Californian’s Want Wetlands

Just strolling

At the turn of the century, during the rainy season, Ballona Creek and several other small streams would be transformed into torrents as they carried the collected water from the Los Angeles watershed area to the Santa Monica Bay. It would flood large areas of the Los Angeles basin, and the creek’s course shifted as flooding carved new paths through the land.

During the 1930’s, the Army Corps of Engineers carved it into a large channel and lined all but its last couple of miles with concrete to speed the water’s flow to the ocean. An extensive system of drains, mostly underground, was built to funnel storm water into the creek. While these projects were effective in accomplishing the task at hand, the transformation of the creek from a natural waterway into a massive storm drain has broken a link in the ecological chain and severed the connection between the community and the land on which it resides.

With about 95% of Southern California’s original coastal wetlands have been destroyed or degraded, open space is a valuable and rare commodity in urban environments – especially in Los Angeles. The fact that California voters approved the purchase and rehabilitation of this area showed that the Californian’s want their environmental resources preserved.

The Ballona Wetlands are part of a 1,087-acre property that industrialist Howard Hughes used for aircraft production and testing.

In recent decades, the area has been degraded by manufacturing, farming and dredge spoils. Yet it has managed to remain a habitat for a number of endangered and threatened species, including the California brown pelican and the Belding’s savannah sparrow.

The idea that this land could ever be preserved and restored for wildlife purposes would have been a complete shock to Howard Hughes and to many other leaders in Los Angeles over the years. It represents a shift in attitude and a shift in Los Angeles’ vision of itself and its future.

Today, Ballona Creek is a nine-mile-long flood control channel. It drains the Ballona Creek watershed, which covers approximately 130 square miles: from the Santa Monica mountains on the north to the Baldwin Hills on the south, and from the Harbor Freeway (110) on the east to the Pacific Ocean.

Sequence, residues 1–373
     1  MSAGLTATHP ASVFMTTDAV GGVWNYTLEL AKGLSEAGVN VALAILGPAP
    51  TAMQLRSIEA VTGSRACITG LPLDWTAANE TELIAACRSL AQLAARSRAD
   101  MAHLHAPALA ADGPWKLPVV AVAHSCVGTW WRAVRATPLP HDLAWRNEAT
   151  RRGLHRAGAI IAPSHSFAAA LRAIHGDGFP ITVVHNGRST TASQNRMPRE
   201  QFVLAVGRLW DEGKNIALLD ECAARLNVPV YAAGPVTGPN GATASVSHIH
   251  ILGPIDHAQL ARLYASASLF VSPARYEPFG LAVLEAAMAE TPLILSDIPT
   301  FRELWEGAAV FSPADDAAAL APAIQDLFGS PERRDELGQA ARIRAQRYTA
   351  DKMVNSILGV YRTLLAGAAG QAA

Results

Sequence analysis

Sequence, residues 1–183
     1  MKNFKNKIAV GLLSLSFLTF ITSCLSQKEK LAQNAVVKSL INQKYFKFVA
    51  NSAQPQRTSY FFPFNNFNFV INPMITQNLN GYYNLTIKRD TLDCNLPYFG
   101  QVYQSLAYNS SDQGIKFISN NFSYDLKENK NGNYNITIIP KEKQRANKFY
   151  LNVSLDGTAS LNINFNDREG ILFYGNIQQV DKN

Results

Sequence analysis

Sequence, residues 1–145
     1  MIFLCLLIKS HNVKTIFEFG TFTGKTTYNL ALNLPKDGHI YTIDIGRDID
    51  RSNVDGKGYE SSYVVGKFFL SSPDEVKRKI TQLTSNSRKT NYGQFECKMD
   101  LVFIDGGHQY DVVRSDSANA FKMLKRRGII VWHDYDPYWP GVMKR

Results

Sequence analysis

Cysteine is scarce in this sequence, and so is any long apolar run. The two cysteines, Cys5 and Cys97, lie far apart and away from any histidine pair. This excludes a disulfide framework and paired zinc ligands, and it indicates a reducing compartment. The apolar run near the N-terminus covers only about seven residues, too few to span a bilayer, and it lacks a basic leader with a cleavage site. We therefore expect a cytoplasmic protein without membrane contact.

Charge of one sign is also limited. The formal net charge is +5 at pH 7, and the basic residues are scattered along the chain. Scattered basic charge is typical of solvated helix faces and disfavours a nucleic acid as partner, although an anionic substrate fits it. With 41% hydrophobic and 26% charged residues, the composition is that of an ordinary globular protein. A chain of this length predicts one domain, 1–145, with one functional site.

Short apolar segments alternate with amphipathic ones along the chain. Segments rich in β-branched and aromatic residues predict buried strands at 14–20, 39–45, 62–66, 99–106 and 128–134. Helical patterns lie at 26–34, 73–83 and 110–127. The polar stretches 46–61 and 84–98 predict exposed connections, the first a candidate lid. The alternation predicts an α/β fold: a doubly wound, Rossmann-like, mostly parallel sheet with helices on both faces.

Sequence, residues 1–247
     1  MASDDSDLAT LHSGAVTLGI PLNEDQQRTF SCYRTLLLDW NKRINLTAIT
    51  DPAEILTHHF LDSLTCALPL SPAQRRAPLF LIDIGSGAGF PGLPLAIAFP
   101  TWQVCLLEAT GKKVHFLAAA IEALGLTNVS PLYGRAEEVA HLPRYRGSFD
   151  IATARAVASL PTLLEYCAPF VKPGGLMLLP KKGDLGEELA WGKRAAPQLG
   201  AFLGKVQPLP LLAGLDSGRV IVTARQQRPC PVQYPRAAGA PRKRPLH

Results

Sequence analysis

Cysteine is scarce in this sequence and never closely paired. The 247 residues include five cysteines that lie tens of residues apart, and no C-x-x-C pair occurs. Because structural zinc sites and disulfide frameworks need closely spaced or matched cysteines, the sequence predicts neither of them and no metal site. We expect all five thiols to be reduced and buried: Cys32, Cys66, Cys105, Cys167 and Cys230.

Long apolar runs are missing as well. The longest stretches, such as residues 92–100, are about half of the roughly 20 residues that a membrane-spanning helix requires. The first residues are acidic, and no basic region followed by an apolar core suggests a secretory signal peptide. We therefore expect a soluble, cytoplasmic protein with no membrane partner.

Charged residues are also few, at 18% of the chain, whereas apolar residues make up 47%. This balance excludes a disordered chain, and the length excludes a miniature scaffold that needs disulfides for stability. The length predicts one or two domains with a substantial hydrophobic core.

Work continues on Ballona Creek, to the bike path, to the landscaping, and continued active volunteer work by several organizations, Ballona Creek Renaissance and Ballona Institute.

The section I visited is at the end of the creek bordering the marina. Riding my bike, I headed for the trailhead. Surprisingly, bikes are not allowed on this particular part of the trail, so I walked my bike at this juncture. Standing at the end on the man-made platform, I was amazed at what I was seeing, a wetland in the city. It was quite an accomplishment of the non-profit groups mentioned above to talk the various municipalities into saving as much of it as possible and of course the voters who made it happen to allow the State to originally purchase and rezone these crucial environmental resources.

Brimming with small wildlife, Ballona Creek is a fantastic place to see nature up close and personal. Today I only had time to spend about a half an hour here, but I will definitely be going back to walk the whole trail. And often–indeed it will be sooner rather than later.

Ballona Creek trail entrance

Ballona Creek walking trail

Me and my reflection


Do you have nature in your backyard? Well, Ballona Creek isn’t exactly in my backyard (although I would love to own one of those houses), but it’s only about 20 minutes away.

That’s the beauty of Travelin’ Local; everything is only a stone’s throw away.

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Water, Boats, and a Camera Just another morning in Westwood

7 comments so far

  1. Jennifer

    Wow, it sure sounds like a huge undertaking to restore the Ballona wetlands. This post and your beautiful pictures makes me want to see it really bad. Can I come for a visit? :)
    Jennifer’s last blog post..Why Everyone Else is Always Wrong

  2. LisaNewton

    Jennifer, you’re welcome to come anytime. I only touched on a small part of this, so I’m really looking forward to investigating it further.

  3. sarah

    love the picture of the trail…

  4. Stacey / Create a Balance

    I used to run watershed education programs, so I appreciate your story. I live 10 minutes from Lake Michigan and take advantage of viewing nature all year round. Just a few weeks ago we had a snowy owl visit the neighborhood. Bliss.

    Stacey / Create a Balance’s last blog post..Celebrate Your Life (and Oprah’s Best Life Series) Friday! 01.09.09

  5. Rahul

    This is really good. A place for nature so that we have a peace of mind. Keep it up.

    One suggestion though, i think you’ve gotta optimize your images. Cheers.

    Rahul’s last blog post..Band and Politics

  6. LisaNewton

    @Sarah - Thank you……………….:)

    @ Stacey - Lake Michigan is beautiful, and having a short term visitor is even better. I’d love to see some pictures if you have any.

    @Rahul - Thank you. And I’ve checked out optimizing my images. The next post should load faster.

  7. Frank Levangie

    Hi Lisa, This came as a surprise because I forgot I was on your website as well as about 500 others. I think I need a secretary to keep track of all the websites I connect to. I actually have to establish files for almost everyone and everything I bump into on line @ this address:……. I also have a file on you and many others in my “favorites”. ;-0
    God bless this Macbook Pro because it’s a lifesaver and so easy to use.
    By the way, feel free to use any of my photos in my many albums. Be sure to click the different sizes at the bottom of each picture.

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